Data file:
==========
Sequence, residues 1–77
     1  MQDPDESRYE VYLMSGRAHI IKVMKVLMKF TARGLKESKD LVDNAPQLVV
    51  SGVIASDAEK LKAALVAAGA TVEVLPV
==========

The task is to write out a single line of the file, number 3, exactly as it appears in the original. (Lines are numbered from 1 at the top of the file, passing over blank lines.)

    51  SGVIASDAEK LKAALVAAGA TVEVLPV